Gofundme: For my Poor Minor League Baseball Playing Friend

(Below is a gofundme plea I wrote for a friend who made the mistake of joking with me. After a long day of spring training, he texted me, venting about minor league pay, and joked that I should write a gofundme for him. He was joking. I wasn’t. I had about seven beers and wrote the Gofundme below.)


Gofundme: Help My Friend Jared (Jarry), the Poor Minor League Baseball Player


Getting to the Major leagues is hard. Most people know that.

It’s hard because baseball is hard. The game in itself is enough to make most players quit before they want to. But what can be even more difficult, which most people never realize, is the financial stress.

Minor league baseball players–most of them–who train/play year round, make very little money. My good friend, Jared Foster, is currently one of those minor league players…

Get into a mind frame for me.

Close your eyes.

Think cold. Think destitute.

Picture a place where the scene is grim and the color is grey. Imagine someone living in that. Imagine their feelings of despair and despondency. Feel what it is like to be strangled by the poverty of that reality. Really grasp it. Imagine fighting it. Think Tiny Tim, from Charles Dickens novel, “Scrooge.” See him, helpless, yet determined, fighting for scraps of bread and mutton. Think about London, the city, in that same novel, and what the unbalanced municipal structure does to little Tim.

Are you picturing all that?

Jared Foster is Tiny Tim and Minor League Baseball is London.

Jared Foster is living in my guest bedroom this past off-season. My house is spacious and lavish because I drive Uber. There is plenty of room. Jared is also a close friend.

After a fine season with the Los Angeles Angels, finishing in High-A, he returned to Louisiana for the fall and winter months. He would be living at my place until February. I was excited to have a pal to hang with. I was also excited because his girlfriend is gas.

Let me give you a more tangible, real world example. I’ll actually give you a few, to make a better appeal.

Examples when I realized he needed money:

  • Jared went grocery shopping the first day, after moving in. Contents include:
    • 8 bags of Ramen noodles
    • 1 handle of Vodka: Taaka
    • 1 box of cereal: “Value-Crisps”
    • Dishware and cutlery
      • 40 solo cups
      • 50 sporks (fork/spoon)
      • Plastic guzzler, lid and straw.
    • Two-for-one Winn Dixie steak/chicken packs.
    • Original Lays Chips.

Jared explained that professional baseball players don’t get paid during the off-season. I didn’t know that.

  • We go out to a bar in Baton Rouge, on a casual Wednesday night. It was early, and we weren’t in “Tigerland” (collection of college bars where drinks are sold in “buy-one-get-nine-free” fashion). Drinks were aggressively priced. Upon arrival I had to use the facilities (pee). Told Jared to get first round and grab me a beer. I went to the bathroom and came back. He was taking pictures with a group of three girls. One of the friends, after the last picture was taken, turned to bar and grabbed two beers. She handed them to Jared, who handed me one. She smiled, and said, “thank you. Here are the two beers you wanted for taking the pictures with us.”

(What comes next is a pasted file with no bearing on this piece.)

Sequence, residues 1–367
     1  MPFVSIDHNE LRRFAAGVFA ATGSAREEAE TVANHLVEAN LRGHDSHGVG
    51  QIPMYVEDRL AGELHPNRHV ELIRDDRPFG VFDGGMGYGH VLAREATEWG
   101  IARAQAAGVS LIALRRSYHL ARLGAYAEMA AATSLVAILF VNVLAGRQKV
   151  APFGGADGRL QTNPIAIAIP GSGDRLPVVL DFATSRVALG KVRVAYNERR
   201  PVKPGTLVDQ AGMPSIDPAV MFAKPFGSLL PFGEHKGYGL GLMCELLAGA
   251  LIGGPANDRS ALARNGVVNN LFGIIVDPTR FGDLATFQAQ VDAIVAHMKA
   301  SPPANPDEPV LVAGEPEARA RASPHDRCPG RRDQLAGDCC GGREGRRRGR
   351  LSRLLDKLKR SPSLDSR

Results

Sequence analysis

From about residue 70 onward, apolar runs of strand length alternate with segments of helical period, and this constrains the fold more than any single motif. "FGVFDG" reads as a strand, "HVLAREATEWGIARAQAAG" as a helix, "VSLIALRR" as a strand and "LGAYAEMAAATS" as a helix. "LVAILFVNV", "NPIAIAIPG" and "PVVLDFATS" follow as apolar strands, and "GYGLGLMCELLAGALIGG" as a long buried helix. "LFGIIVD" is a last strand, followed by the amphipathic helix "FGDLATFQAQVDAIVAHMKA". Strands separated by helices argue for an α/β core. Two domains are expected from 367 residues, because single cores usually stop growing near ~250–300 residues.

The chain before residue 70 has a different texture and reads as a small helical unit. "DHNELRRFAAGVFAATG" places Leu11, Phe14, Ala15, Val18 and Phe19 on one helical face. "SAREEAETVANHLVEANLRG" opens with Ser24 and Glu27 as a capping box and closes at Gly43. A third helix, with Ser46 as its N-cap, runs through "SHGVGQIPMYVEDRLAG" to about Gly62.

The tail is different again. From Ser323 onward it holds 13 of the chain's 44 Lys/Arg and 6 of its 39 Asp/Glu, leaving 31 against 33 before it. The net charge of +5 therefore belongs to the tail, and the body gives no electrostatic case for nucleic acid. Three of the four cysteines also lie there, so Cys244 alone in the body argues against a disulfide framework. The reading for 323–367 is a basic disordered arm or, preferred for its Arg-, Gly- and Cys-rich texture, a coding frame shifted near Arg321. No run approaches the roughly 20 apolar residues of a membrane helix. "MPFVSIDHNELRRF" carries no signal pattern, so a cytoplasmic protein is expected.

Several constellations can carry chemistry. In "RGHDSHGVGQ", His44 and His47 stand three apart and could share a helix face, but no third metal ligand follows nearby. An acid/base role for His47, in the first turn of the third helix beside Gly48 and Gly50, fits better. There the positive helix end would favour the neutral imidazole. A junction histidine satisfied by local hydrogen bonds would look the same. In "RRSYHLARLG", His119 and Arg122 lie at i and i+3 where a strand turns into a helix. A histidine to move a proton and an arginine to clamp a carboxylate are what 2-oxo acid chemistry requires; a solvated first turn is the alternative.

Jared explained that professional baseball players don’t get paid during the off-season. I didn’t know that.

  • Jared asked me if I had any suggestions or recommendations for jobs he could work during the Off-season.


  • Jared’s girlfriends was in town visiting. She had just arrived and they immediately left for a nice dinner. After they left, I went into his room to grab his laptop, because it had a better quality picture and less viruses than mine. I entered his login password (IluvBogies) and opened his browser. His most recent site was still up: Groupon. In the middle of the page, adorned with a nice flashing border, was a half priced entrée/app deal, to TGIF. It had a green check mark in the middle of it–fine print that read “successfully activated”.

Jared explained that professional baseball players don’t get paid during the off-season. I had just found that out.

  • Jared went home to visit his family in Lake Charles one weekend. He came back that following Monday. He propped the back door open, by the carport, as he made multiple trips from his car to the kitchen. Items he brought in the house included:
    • 6 Tupperware (moderate sized) containers, dangerously full of chicken parm.
    • 4 bags of sandwich bread.
    • Trail mix.
    • 8 boxes of Uncle Ben’s Rice (Cajun and brown)
    • Mom’s VISA
    • Large ice chest:
      • 2 gallons of milk
      • Deli meat
      • 2 cubic feet of cheddar cheese
      • Rotisserie chicken (3)
      • Packaged deer meat
      • Tropicana (Pulp and without)
      • Military MRE’s (Meals Ready to Eat [6])

I helped him place the contents in the kitchen. He had been home a few weeks and hadn’t been paid any money.

Jared is going to play in the Big Leagues, someday soon, and he will work tirelessly to get there. But, now, in the meantime, I think it would make things easier if he could focus more on baseball–less on finance–and didn’t have to color his girlfriend’s Christmas present this year.

Help my friend.

Give him money.



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